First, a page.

Accent Reduction Tips
Many of our clients at Accent Pros, who come in for accent reduction sessions, have advanced degrees and have excellent command of the English language. Given the evolving state of the English language; however, they may not understand informal slang and phrases that are regularly used in the workplace, and on various popular social media platforms such as Facebook and Twitter. Occasionally our accent reduction clients will understand the meaning of an idiom, but use it in an improper context, which could potentially have embarrassing consequences. In our continuing efforts to feature only the most relevant and practical terms when helping you on your accent reduction goals, here are three idioms that have become standard shorthand in the workplace.
Accent Reduction Idiom 1 – A Friend in Need is A Friend Indeed
Definition: The idea that one doesn’t know who their real friends are until they encounter a period of struggle or hardship, at which time true friends will be there to support them.
Origin: One variation of the phrase dates back to the 3rd century with BC. Quintus Ennius’ writing “Amicu certus in re incerta cernitur”, meaning “A sure friend is known when in difficulty”.
However, the Oxford Dictionary of Quotations notes it to have been used only in the 11th century. Caxton’s Sonnes of Aymon’s contains the earliest known version of the phrase which dates back to 1489. The original passage read: “It is sayd, that at the need the frende is knowen”. It also made an appearance in 16th century when John Heywood presented “A Dialogue Conteynyng Prouerbes and Epigrammes” with the actual quote “Prove thy friend ere thou have need; but in-deed; A friend is never known till a man have need.”
Accent Reduction Idiom 2 – Man’s Best Friend
Definition: An idiom often referring to a dogs, who are thought to be to be a man’s closest friend.
Example: His pet was waiting for him to come home. A dog is truly a man’s best friend.
Origin: The idiom “a dog is a man’s best friend” originated in Warrensburg, Missouri when a farmer shot a dog that belonged to his neighbor, which prompted the neighbor to sue him for damages. The lawyer handling the case, George Graham Vest, gave a speech entitled “Eulogy to a Dog” which induced tears among the audience.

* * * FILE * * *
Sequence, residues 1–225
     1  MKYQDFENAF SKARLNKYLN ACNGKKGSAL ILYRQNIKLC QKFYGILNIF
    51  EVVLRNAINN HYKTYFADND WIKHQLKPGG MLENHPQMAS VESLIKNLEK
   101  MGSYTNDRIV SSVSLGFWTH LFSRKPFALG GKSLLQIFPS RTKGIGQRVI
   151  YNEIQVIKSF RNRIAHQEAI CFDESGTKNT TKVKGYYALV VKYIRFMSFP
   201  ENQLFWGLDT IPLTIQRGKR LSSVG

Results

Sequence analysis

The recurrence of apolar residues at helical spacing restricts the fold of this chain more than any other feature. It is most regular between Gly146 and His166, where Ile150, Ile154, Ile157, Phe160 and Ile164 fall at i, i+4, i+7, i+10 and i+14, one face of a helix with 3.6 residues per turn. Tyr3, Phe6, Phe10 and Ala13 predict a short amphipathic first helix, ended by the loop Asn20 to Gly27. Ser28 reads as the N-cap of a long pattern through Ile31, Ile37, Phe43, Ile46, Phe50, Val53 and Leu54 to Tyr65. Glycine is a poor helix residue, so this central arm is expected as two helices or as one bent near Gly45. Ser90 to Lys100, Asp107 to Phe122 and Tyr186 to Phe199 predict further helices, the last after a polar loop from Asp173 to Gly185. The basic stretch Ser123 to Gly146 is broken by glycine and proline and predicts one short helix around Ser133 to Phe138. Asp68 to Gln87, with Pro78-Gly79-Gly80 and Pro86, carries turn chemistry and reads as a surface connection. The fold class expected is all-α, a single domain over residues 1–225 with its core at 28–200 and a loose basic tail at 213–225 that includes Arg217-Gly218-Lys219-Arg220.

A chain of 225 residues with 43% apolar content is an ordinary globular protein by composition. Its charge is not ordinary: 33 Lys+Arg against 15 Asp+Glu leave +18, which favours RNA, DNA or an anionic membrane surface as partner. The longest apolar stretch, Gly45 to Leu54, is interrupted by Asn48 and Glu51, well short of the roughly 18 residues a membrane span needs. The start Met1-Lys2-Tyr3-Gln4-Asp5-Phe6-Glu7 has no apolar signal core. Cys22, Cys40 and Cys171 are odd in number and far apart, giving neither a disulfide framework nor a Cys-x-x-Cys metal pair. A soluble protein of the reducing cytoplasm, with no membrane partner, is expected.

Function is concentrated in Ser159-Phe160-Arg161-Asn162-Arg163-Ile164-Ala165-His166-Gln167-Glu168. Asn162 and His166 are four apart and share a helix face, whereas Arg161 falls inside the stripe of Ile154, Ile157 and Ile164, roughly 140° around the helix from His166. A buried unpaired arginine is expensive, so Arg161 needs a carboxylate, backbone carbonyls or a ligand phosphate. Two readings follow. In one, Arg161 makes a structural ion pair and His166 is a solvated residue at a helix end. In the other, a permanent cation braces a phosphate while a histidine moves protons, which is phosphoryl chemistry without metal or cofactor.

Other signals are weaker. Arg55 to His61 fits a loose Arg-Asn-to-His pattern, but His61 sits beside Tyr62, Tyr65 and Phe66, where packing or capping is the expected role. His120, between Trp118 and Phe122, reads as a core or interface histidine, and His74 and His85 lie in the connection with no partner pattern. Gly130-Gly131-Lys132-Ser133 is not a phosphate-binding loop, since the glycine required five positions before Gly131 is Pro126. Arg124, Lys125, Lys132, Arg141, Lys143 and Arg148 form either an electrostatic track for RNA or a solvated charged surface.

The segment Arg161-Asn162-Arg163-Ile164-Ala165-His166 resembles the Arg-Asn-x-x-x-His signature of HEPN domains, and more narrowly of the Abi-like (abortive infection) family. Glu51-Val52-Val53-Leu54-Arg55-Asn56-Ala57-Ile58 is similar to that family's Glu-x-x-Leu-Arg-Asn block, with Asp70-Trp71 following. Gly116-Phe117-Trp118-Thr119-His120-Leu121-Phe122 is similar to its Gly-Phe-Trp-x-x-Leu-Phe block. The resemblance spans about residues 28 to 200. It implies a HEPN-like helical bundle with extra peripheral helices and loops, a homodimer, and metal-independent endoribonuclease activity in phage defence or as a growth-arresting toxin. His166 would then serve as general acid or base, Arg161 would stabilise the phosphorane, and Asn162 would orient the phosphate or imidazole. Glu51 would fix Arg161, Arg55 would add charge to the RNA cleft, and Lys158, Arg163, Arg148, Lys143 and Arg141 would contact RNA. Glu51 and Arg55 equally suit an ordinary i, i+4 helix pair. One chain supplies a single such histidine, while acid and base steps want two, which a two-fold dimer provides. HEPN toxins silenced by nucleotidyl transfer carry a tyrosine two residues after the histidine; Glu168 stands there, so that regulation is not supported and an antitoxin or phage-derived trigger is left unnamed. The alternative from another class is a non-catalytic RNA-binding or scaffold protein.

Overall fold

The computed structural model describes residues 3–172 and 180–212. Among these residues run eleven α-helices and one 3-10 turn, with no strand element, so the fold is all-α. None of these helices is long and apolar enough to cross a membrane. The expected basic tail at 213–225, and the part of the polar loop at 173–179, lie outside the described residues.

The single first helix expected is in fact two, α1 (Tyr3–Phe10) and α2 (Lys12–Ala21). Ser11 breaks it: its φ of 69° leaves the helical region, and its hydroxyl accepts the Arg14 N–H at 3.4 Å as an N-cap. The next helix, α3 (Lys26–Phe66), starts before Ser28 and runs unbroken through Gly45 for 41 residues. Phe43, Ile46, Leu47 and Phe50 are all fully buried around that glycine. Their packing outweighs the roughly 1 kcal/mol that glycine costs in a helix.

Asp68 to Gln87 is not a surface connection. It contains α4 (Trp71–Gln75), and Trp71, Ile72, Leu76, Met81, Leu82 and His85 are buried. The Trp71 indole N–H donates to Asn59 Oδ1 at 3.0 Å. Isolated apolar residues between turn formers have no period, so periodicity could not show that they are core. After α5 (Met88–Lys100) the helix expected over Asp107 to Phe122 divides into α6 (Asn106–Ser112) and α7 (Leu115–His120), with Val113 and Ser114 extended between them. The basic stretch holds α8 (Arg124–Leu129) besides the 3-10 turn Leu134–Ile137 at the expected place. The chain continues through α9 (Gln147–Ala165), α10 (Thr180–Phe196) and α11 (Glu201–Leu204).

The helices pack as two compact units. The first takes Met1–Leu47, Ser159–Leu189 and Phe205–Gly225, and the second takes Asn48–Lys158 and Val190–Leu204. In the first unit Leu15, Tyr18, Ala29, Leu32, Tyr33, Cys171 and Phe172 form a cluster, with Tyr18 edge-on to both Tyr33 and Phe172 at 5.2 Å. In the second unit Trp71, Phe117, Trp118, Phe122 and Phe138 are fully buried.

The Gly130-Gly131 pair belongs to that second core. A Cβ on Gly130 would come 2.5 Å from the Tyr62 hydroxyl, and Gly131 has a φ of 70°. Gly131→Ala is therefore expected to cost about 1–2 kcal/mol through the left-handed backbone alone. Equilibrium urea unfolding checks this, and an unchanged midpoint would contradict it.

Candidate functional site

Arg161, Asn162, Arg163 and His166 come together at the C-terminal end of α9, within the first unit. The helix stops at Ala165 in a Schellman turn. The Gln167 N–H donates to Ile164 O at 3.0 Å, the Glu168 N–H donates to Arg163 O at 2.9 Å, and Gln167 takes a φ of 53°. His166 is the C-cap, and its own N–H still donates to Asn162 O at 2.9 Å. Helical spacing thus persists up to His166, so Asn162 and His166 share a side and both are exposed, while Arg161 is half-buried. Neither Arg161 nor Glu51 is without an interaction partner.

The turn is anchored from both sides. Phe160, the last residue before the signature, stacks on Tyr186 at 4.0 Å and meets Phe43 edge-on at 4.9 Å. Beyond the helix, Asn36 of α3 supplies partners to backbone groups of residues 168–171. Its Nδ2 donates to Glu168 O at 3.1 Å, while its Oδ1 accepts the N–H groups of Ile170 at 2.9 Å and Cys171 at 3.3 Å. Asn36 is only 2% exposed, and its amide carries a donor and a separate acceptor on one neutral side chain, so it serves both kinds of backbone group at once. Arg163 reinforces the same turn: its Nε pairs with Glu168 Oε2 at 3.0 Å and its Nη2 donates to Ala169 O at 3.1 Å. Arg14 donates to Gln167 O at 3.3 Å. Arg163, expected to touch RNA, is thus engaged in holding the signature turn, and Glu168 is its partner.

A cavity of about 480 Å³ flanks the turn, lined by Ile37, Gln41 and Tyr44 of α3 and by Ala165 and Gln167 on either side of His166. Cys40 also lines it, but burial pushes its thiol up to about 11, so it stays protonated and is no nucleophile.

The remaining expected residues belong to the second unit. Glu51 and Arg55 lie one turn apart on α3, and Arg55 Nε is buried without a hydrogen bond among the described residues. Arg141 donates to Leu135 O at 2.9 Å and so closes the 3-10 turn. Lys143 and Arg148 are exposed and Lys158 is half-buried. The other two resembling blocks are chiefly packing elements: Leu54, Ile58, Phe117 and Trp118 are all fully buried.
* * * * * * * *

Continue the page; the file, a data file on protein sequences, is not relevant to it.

Lines of the speech include “Gentlemen of the jury, a man’s dog stands by him in prosperity and poverty, in health and sickness. He will sleep on the cold ground, where the wintry winds blow, and the snow drives fiercely, if only he can be near his master’s side.” However, it is possible that the phrase may have started fifty years earlier and read by the town’s senator on Volume 4, 1821 of The New-York Literary Journal, with the words “In every breast, and man’s best friend, dogs often at his heels attend.”
Accent Reduction Idiom 3 – Once More unto the Breach, Dear Friends, Once More
Definition: To persist with something despite difficulty and rejection in hopes of eventually having the effort rewarded.
Origin: The phrase can be found in Shakespeare’s Henry V, specifically in the third Act. The speech was first noted in 1598 and comes with the title “Cry God for Harry, England, and Saint George!” The phrase was made more popular by Laurence Olivier’s 1944 film performance. The idiom originally referred to a breach or a gap in the wall of Harfleur City which Henry encouraged his troops to attack for a second time.
Accent Reduction idioms series
Accent Pros has a continuing series on accent reduction tips, including common English phrases and American idioms. Be sure to check out other accent reduction blog posts to find your favorites. Ready for a complimentary accent reduction tutorial or a free accent screening? Check out our on-line accent reduction courses available to students with accent reduction goals all over the world. For consistent access to our idioms series and other accent reduction tips Like us on Facebook or Follow us on Twitter.